Above: Katherine Crockett and Ben Schultz of the Martha Graham Dance Company rehearsing Graham's PHAEDRA. Photo by Jade Young.
Click on the images to enlarge.
Monday October 15, 2012 - The large and history-rich space at Westbeth which is now the home of the Martha Graham Dance Company has become one of my favorite and most meaningful dance destinations. On this late afternoon in mid-October, photographer Jade Young and I were invited to the studio where the Company were rehearsing two Graham works: RITE OF SPRING and PHAEDRA. RITE OF SPRING has not been performed for about twenty years, and PHAEDRA was last danced about a decade ago. Denise Vale supervises the revivals of the Graham repertoire, and watching her work is one of the main pleasures of spending time at Westbeth.
In 2013 we honor the 100th anniversary of the the scandalous premiere of the Nijinsky/Stravinsky RITE OF SPRING which took place in Paris on May 29th, 1913. The ballet reached American shores in 1930 when Martha Graham danced the Chosen One in Massine's 1920 realization of the piece. In 1984, Martha Graham's own vision of RITE was given its world premiere at the New York State Theater.
At today's rehearsal, which was run by Ken Topping, ensemble passages (above) were being worked on with attention to spacing and to the musicality of certain phrases. The score is of course notoriously difficult to count but dancers over the years have become accustomed to it.
The ballet in Graham's rendering is both a ritual and an intense dramatic narrative. From what I was able to observe today, it is a richly structured and detailed work which I cannot wait to see fully staged, costumed and lit. We'll have the opportunity when the Graham Company appear at The Joyce February 20th thru March 3rd, 2013. They will also perform the work in North Carolina as part of a festival celebating one hundred years of RITE:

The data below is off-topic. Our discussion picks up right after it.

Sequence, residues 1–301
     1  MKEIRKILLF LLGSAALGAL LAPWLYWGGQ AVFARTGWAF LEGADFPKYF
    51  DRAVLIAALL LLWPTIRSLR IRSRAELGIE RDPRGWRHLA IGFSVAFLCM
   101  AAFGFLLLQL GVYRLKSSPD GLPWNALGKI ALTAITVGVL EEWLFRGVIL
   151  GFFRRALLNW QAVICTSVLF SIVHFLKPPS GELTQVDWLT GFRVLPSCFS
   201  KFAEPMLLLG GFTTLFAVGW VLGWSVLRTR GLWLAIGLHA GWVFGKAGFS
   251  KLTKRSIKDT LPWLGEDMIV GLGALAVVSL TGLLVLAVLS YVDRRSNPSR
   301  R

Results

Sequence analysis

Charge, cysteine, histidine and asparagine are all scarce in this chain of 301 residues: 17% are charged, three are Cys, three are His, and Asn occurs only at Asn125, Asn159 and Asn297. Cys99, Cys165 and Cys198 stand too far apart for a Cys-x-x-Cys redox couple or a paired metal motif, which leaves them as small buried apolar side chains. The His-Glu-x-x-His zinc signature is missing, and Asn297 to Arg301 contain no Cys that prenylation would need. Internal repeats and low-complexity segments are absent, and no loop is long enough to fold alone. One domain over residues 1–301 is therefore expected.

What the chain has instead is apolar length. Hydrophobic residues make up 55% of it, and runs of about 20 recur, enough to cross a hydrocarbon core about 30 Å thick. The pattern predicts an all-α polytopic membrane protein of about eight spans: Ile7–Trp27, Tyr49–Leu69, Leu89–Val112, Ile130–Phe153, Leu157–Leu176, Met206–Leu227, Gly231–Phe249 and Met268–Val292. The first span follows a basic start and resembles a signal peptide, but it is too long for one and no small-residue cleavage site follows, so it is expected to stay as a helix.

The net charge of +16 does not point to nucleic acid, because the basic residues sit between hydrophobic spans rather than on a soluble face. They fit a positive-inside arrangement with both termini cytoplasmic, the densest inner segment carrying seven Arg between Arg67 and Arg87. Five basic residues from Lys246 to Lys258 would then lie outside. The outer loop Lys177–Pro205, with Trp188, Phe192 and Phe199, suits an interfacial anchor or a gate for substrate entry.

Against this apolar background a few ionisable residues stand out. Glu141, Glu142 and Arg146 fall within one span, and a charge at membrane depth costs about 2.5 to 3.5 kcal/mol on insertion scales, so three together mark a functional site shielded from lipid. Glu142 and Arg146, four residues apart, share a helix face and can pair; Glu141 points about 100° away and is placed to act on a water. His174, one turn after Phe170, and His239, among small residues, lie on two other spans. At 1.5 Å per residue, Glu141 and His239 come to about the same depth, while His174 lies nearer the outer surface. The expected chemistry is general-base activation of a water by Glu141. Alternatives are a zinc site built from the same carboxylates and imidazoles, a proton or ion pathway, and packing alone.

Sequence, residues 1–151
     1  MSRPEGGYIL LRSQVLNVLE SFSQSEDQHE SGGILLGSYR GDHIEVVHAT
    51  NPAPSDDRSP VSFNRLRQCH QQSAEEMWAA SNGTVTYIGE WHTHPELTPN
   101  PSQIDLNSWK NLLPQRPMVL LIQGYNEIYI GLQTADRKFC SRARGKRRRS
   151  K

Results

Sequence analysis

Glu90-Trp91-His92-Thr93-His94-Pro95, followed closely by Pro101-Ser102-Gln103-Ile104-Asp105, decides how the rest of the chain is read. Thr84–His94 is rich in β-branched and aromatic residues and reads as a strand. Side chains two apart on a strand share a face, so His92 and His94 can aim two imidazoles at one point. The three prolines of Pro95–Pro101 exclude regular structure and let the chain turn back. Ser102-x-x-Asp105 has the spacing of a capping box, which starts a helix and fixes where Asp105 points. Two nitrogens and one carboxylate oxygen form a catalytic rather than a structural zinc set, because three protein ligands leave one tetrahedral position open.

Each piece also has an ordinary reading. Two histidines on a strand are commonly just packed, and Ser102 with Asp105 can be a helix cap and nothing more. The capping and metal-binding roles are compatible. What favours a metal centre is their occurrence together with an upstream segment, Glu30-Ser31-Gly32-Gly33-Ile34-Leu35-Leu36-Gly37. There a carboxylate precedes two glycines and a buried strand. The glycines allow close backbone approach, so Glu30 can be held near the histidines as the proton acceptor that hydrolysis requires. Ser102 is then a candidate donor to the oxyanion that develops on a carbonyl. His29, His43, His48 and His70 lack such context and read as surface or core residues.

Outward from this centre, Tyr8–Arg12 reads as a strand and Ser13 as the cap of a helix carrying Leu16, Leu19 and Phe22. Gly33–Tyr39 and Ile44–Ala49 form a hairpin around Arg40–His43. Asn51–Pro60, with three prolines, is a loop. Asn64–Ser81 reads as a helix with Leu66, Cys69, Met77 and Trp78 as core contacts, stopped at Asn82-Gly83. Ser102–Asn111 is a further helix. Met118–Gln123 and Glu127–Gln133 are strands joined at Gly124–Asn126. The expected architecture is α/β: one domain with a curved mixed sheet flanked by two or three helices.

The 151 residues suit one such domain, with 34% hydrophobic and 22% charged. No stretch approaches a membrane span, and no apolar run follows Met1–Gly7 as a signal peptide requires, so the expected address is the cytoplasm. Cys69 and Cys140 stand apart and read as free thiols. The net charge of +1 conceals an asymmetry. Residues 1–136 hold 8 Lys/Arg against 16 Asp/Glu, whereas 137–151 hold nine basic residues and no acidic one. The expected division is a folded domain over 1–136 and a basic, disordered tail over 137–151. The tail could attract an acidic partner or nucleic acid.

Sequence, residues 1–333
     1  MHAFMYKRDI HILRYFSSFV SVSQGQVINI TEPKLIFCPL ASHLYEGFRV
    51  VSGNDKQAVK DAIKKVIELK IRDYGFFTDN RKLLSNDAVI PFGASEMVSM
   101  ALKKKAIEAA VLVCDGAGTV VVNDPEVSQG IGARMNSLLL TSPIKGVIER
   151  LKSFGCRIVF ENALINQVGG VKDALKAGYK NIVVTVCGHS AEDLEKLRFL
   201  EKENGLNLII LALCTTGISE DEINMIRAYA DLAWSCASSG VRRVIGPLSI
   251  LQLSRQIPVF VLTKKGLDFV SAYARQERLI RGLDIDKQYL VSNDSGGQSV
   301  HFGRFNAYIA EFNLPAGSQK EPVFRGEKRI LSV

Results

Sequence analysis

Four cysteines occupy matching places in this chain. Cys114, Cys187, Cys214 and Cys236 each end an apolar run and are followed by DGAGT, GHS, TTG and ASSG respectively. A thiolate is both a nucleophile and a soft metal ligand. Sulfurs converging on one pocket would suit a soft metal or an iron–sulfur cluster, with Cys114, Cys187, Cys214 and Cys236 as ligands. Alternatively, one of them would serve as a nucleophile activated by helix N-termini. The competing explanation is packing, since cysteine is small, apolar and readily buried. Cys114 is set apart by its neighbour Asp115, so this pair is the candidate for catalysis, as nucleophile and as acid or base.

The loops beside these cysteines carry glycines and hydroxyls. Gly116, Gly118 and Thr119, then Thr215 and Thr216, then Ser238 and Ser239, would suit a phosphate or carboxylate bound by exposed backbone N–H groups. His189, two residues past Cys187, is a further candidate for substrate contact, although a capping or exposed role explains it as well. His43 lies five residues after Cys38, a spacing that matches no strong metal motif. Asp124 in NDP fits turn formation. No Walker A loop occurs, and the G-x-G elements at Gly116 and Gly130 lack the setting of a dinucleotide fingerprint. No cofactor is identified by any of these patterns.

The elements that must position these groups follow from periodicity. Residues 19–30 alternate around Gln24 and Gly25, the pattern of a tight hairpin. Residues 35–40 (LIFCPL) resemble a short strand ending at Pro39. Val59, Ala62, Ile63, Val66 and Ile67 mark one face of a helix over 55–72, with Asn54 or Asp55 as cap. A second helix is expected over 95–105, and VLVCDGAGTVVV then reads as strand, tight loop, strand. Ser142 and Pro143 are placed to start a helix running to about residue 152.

Performing Arts at The University of North Carolina at Chapel
Hill have announced an exceptional
two-night program as part of their The Rite of Spring at 100 season. On April 26th and April 27th, 2013, Myth & Transformation
by the renowned Martha Graham Dance Company will bring to a conclusion
the performance season of this unprecedented nine-month festival
celebrating the centennial of the premiere of the Stravinsky-Nijinsky-Roerich masterpiece.
Myth & Transformation will feature performances of Graham’s powerful The Rite of Spring, which has not been seen by audiences in twenty years, and the much-beloved Graham classic Appalachian Spring; the world premiere of a work choreographed by Nacho Duato to music of Arvo Pärt, and performances by guest artist Wendy Whelan, principal dancer from the New York City Ballet."
That is exciting news indeed!!
But: back to today's rehearsal...after a break, a long scene from PHAEDRA was rehearsed. This Graham ballet was once deemed so shocking by two members of Congress that they protested the use of State Department funds for its performance on a Graham company tour in Europe. The two worthy Congressmen's reaction was wrong-headed, since things do not end well for Phaedra; the gods punish her immoral longings. But apparently the two legislators did not stay at the performance long enough to find out.
But that seems like foolish political history now. Today we watched a quartet of Graham dancers bring the piece vividly to life, led by the remarkable Katherine Crockett (above) in the title-role. The ballet, set to a dramatic score by Robert Starer, tells of Phaedra's obsession with her stepson Hippolytus. the dancers in the run-thru we watched were Katherine Crockett, Ben Schultz, Andrea Murillo and Mariya Dashkina-Maddux. They performed with the intensity one might expect in a staged performance.
Katherine and Andrea, above.
It was regrettable that Jade had to leave at this point, for a second cast of dancers for PHAEDRA led by Blakeley White-McGuire and Tadej Brdnik took over the space. We shall have to wait for another opportunity to photograph them. With their powerful and wonderfully indivdual personalities, the dancers of each cast brought out different aspects of the drama. I could have watched and watched and gone on watching...
For that is the thing about these works and these dancers: an endless fascination both with the actual movement as we watch it, but also with the sense of dance history that one feels in the experience: a history in which Martha Graham wrote a bold and epic chapter.
You can read more about Graham's PHAEDRA here, with a very impressive album of production photos from the 2003 performances of the ballet at The Joyce.
More of Jade's images from this rehearsal will appear here soon.